A five quid ticket will buy you an hour’s session, with numbers kept to a level where everyone should be able to get a go on something, and be able to get round everything by the end.
Plus if you attend one of the adult-only evening sessions (that’s adult as in ‘no kids’ not ‘lewd behaviour’) you’ll also get the likes of GTA and other more violent offerings to play around on.
And play around you can, because unlike conventional museum stuff where everything is kept in glass cabinets and guards frown on you when you try and rub yourself up against exhibits, here you can rub away – it’s grubby mitts on.
The first thing I noticed, other than the fact you could buy booze at a small bar in the corner (and what sort of a person would pass up the opportunity to get legally drunk in a museum? Answer: not me), is that the array of kit is genuinely impressive.
We’re not talking emulators here – these are all 100% genuine, fully working and in some cases slightly crud-encrusted originals stretching from the Atari VCS and Vectrex era to the present day. Computers are represented by everything from the aforementioned BBC and Acorn to Mr Biffo’s nemesis, the Amiga.
On the night, only one machine conked out: televisual business buffoon and all-round cheap tat peddler Sir Alan ‘You are fired now!’ Sugar’s Amstrad CPC464. Which is hardly surprising because, as we all know, compared to the beloved Speccy and C64 it was the home computer equivalent of particularly contagious leprosy. If you had it no one wanted to come round and play, and all your knobs had a tendency to fall off.
Nostalgia at seeing some electronic chums ‘in the plastic’ for the first time in decades aside, one of the things I found most interesting is being able to see how things have physically evolved over time.
Sure, unless you’re a real big dullard we all know stuff has changed, but - with the devices of each era sat side by side - quite how much it has changed is really brought home.
Devices themselves have got smaller and more svelte of course, but the march of progress is most obvious from the controllers.
Quickshot joysticks that react like you’ve had a few pints of energy drink then accidentally tasered yourself, or console joypads with all the ergonomic design and strength of a damp shoe box, were just what everyone was used to back in the day. But with the benefit of hindsight, it’s painfully apparent that ‘the day’ was a pretty crappy one. Literally painful in some cases – why anyone ever thought holding an angular plastic brick for any length of time would be comfortable is beyond me.
Couple that (lack of) control to how horrendously tough 8-bit and 16-bit era games could be, and quite frankly it’s amazing any of us over 20 stuck with gaming as a hobby and/or that we haven’t all succumbed to crippling arthritis of the hands.
As for the games themselves, it’s fair to say the 8-bit era titles had aged the worst on the whole.
We all get the feels for the genuine classics like the original Mario, but things like Cybernoid and Bomb Jack – both well regarded at the time – really show their age and the limitations of the hardware.
For example, I remember playing Golden Axe on the Master System at a friend’s house as a kid, but until the other night I didn’t recall it being such a blurry, clunky and relentlessly brown mess.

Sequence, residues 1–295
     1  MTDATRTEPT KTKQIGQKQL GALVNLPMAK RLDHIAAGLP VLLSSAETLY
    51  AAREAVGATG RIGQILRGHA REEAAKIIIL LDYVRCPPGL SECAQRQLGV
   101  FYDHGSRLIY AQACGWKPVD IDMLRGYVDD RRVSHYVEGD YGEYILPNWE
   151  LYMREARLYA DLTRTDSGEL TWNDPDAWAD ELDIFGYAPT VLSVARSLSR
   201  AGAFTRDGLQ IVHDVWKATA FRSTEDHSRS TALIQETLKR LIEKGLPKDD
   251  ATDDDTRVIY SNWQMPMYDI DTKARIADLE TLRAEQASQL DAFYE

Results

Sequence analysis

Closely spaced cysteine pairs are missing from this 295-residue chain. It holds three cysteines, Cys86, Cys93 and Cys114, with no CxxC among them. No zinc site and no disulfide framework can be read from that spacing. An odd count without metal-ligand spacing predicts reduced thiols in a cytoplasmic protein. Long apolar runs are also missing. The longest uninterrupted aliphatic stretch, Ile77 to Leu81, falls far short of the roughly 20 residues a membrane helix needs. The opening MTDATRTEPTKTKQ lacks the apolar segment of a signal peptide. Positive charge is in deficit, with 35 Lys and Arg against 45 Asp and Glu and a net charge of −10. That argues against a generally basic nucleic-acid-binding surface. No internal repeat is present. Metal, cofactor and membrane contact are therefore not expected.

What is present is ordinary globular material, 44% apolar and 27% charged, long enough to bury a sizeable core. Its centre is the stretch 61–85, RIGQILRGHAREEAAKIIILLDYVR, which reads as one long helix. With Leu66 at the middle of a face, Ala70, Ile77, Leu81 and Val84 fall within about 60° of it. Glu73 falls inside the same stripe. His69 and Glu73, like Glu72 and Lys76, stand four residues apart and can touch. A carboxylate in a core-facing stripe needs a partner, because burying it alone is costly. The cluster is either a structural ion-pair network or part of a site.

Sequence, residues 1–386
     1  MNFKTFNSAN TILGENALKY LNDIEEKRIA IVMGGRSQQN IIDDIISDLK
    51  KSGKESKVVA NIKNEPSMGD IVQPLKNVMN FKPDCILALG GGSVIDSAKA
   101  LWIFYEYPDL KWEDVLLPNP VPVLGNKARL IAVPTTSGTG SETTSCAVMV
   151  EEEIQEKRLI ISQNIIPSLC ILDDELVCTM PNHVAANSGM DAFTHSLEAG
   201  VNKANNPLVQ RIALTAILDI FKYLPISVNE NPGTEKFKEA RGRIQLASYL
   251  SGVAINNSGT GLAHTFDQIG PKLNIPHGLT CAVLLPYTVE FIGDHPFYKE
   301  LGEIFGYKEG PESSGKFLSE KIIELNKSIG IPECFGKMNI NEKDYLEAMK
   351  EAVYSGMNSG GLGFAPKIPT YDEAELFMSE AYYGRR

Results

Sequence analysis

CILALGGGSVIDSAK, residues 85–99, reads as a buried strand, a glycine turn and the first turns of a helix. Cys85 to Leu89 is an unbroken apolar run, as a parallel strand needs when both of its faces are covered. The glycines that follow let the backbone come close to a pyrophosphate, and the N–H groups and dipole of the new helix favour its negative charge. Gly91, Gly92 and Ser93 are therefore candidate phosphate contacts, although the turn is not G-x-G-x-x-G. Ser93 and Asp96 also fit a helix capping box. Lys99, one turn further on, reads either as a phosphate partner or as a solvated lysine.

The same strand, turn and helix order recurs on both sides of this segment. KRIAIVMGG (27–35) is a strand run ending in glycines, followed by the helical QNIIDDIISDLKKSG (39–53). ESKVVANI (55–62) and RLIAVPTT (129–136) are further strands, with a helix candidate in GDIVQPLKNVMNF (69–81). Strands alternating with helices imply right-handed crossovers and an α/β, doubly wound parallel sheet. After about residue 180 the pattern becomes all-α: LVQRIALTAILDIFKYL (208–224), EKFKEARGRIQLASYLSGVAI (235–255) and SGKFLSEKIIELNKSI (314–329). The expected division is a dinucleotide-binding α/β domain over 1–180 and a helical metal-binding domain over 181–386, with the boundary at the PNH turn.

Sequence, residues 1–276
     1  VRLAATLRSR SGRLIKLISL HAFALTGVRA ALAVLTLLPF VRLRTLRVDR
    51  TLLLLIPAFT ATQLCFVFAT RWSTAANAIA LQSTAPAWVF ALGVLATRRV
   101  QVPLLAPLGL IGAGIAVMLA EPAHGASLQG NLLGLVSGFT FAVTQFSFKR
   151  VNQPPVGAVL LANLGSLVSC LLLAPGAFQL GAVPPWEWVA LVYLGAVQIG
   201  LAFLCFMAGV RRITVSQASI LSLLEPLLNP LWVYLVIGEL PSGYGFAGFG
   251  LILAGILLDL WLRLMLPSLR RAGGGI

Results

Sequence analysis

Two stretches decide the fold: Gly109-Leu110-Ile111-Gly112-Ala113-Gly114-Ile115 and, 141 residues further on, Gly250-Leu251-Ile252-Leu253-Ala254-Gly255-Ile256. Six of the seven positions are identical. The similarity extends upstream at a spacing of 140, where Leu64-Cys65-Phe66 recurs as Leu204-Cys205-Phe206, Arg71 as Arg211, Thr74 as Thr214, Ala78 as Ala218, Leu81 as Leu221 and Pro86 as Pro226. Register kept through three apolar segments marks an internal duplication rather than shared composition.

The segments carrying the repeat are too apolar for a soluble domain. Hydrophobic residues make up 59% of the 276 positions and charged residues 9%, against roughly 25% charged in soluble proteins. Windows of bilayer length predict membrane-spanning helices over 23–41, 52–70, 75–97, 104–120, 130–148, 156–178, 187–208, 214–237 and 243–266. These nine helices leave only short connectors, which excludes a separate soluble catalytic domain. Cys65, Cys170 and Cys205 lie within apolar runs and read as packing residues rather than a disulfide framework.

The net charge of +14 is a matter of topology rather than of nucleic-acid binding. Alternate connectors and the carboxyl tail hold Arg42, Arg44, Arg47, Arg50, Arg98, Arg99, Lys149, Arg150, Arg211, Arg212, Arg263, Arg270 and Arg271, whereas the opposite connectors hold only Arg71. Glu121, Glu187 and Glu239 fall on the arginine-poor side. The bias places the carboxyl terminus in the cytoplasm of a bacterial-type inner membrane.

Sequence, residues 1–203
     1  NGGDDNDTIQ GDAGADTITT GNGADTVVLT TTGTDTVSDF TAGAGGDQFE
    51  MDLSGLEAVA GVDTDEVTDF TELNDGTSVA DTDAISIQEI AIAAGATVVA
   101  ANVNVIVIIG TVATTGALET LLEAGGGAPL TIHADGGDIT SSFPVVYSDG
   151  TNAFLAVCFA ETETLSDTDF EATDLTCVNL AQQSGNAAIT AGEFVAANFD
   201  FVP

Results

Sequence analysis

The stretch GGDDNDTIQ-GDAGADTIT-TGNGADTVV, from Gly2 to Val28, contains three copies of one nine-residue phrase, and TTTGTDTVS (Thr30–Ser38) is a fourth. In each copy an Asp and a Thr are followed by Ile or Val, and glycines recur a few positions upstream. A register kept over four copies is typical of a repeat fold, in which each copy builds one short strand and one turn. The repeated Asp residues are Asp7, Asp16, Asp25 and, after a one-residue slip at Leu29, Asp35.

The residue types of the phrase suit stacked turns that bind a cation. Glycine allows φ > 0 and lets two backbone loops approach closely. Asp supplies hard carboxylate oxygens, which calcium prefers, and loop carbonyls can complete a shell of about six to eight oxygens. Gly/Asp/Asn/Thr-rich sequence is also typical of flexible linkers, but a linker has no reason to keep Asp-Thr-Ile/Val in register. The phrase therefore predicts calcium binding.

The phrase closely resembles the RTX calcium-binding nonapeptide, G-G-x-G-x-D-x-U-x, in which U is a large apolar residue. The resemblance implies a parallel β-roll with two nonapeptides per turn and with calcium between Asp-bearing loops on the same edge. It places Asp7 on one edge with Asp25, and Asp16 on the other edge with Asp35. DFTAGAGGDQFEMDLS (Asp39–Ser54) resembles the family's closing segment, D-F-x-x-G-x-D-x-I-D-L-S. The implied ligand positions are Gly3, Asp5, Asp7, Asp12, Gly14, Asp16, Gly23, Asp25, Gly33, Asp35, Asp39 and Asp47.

That said, others not much newer held up remarkably well – I got to fulfil a minor lifetime ambition to play on an NEC PC Engine, and the shoot-em-up that was running (Star Soldier) looked like it could be a modern albeit retro-themed title.
I also got to play the original Sonic on a Megadrive for the first time, having been a SNES owner in that hardware generation myself so not able to.
And I have to say, with apologies to SEGA fans, I thought it was largely awful – it was fast and graphically still not too shoddy, but even with allowances for age it was irritating, fiddly and at times uncontrollable to play. How Sonic ever got compared to Mario in anything other than the sense of being a mascot is beyond me, a point hammered home by having Super Mario World set up a few seats away.
People sat and played the latter, but with the former tended to wander off after minute or two of reminiscing to the Green Hill Zone music.
Moving forwards in time a bit further, some stuff such as Ridge Racer on the PS1 or Outrun 2 on the Xbox still look frankly unexpectedly decent.
The latter in particular holding up very well, even when running within eyeshot of modern racers such as Forza. Sega Rally on the Saturn was also still fun, despite looking through modern eyes like it had been created in Minecraft.
For the more competitive types, as you’d imagine multiplayer is very well catered for.
Classics such as Goldeneye, Micro Machines, HALO, Street Fighter and Mario Kart all being set up to allow the maximum number of players to jump in. In an age where multiplayer now almost always means online, and on top of that online and anonymous with strangers, it was interesting and even a bit heartwarming to see that these were by far the most popular areas and people still love playing with their mates on the sofa on the same screen when they can.
If you love games, or want to introduce someone new to gaming to the history of how we got from Pong to Pokémon GO, I’d absolutely recommend a visit.
My only complaint really would be that an hour is barely enough, and I could have quite happily dabbled away for twice that time. But last word, of course, has to go to the thing with the biggest appeal of all.
Being able, for the first time in probably 25 years, to go up to a computer and type:
10 PRINT “IF YOU READ THIS YOU ARE BENT”
20 GOTO 10
And then leg it before the manager catches you. It’s like 1980s Dixons heaven.